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SAN FRANCISCO (Reuters) - Tesla Inc (TSLA.O) Chief Elon Musk has taken big risks repeatedly since going public in 2010, but investors were spooked on Thursday after he said the electric car company could get "close to the edge" as it burns cash ahead of its crucial Model 3 launch.
Facing yet another cash crunch, Tesla will likely be forced to head to Wall Street for more capital, analysts said. Shares tumbled 5.8 percent on Thursday, their biggest intraday percentage fall in eight months.
Musk told investors after the company released its fourth-quarter results on Wednesday that the upcoming Model 3 sedan, the $35,000 mass-market vehicle on which the company's future profitability hinges, requires no additional outside funding as it readies for production this year.
"But we get very close to the edge," Musk said. "So we're considering a number of options but I think it probably makes sense to raise capital to reduce risk."
Tesla had $3.39 billion in cash and cash equivalents at the end of 2016, but most of that comes from a May stock offering, cash from its SolarCity acquisition and nearly $1 billion in draws on its credit facilities.
The company spent $448 million in cash on operating activities in the fourth quarter.
Tesla's warning of an expected $2 billion to $2.5 billion in capital expenditures in the first half of 2017 for the Model 3 leaves potentially less than a $1 billion cushion for Tesla, at a time of "high levels of execution risk," wrote Morgan Stanley analyst Adam Jonas.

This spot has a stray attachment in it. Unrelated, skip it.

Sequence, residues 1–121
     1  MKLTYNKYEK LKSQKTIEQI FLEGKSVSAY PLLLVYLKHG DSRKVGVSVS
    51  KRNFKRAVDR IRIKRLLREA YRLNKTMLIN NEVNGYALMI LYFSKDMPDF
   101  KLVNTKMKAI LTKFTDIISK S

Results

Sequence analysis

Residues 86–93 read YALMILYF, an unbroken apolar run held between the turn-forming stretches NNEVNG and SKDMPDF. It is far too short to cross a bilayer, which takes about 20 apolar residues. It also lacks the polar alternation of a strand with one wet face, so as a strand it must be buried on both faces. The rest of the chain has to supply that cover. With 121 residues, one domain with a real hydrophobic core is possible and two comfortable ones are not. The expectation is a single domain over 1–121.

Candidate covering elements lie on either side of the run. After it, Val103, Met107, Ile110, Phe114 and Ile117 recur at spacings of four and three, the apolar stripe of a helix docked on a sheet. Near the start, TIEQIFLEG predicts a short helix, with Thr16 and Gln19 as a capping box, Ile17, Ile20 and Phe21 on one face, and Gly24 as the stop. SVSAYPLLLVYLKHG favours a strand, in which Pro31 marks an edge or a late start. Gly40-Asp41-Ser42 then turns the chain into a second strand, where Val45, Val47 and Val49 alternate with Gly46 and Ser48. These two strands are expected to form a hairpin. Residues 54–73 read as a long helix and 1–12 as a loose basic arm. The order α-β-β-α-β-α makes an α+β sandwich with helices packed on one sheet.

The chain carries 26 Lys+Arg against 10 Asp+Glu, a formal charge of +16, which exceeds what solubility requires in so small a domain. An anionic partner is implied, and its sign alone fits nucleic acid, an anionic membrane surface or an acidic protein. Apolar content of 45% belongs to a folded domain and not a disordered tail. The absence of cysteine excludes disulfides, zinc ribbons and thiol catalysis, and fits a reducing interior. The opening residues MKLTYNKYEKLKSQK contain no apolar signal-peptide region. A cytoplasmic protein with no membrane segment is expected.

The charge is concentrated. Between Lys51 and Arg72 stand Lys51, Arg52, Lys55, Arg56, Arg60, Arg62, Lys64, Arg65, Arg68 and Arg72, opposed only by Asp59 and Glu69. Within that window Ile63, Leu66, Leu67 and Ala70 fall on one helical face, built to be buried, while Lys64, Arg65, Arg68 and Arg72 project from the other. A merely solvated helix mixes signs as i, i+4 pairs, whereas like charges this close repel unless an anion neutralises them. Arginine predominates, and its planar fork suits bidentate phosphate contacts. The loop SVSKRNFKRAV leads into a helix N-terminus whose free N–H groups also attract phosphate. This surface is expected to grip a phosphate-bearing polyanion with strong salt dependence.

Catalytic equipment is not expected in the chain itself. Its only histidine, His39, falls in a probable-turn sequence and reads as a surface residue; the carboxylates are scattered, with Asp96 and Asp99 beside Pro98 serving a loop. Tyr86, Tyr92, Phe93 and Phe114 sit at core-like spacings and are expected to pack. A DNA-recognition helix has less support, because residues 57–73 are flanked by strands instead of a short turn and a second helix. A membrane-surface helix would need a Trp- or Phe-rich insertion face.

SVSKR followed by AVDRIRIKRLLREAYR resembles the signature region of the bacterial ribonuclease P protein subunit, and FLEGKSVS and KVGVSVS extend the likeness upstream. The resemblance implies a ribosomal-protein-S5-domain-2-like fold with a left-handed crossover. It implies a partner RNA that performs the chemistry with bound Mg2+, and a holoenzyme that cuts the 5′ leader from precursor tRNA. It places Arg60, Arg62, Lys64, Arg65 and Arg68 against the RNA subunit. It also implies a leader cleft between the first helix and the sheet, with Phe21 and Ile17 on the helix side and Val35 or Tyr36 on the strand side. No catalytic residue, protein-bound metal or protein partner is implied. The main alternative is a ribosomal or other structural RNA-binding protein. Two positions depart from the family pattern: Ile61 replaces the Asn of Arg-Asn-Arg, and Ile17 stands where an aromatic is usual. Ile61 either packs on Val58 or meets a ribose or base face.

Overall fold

Analysts estimated the company will seek $1 billion to $2.5 billion in capital in the near term.
Tesla, which has had negative cash flow since 2014 and has posted a quarterly profit only twice since going public, has repeatedly gone to Wall Street for fresh capital.
"The automotive business is an extremely capital intensive business and we keep seeing companies who are thinking of getting into it underestimate that," said Autotrader senior analyst Michelle Krebs, citing moves by Apple Inc and Alphabet's Google to back off aggressive forays into the sector.
Individual model launches for established car companies do not carry the same hazards as for Tesla because the risk is less concentrated.
"No single launch is a 'bet the company' launch" for established automakers, said Michigan-based auto manufacturing consultant Michael Tracy, citing larger capital reserves. "If you're Tesla, every time you're stepping up to the plate, financially it's extremely risky."
Additionally, Musk's need for speed in getting the Model 3 in the hands of approximately 373,000 reservation holders after volume production begins in September means he "has to ramp up faster than any other automaker would want to do," Tracy said.
Additional reporting by Paul Lienert in Detroit; Editing by Meredith Mazzilli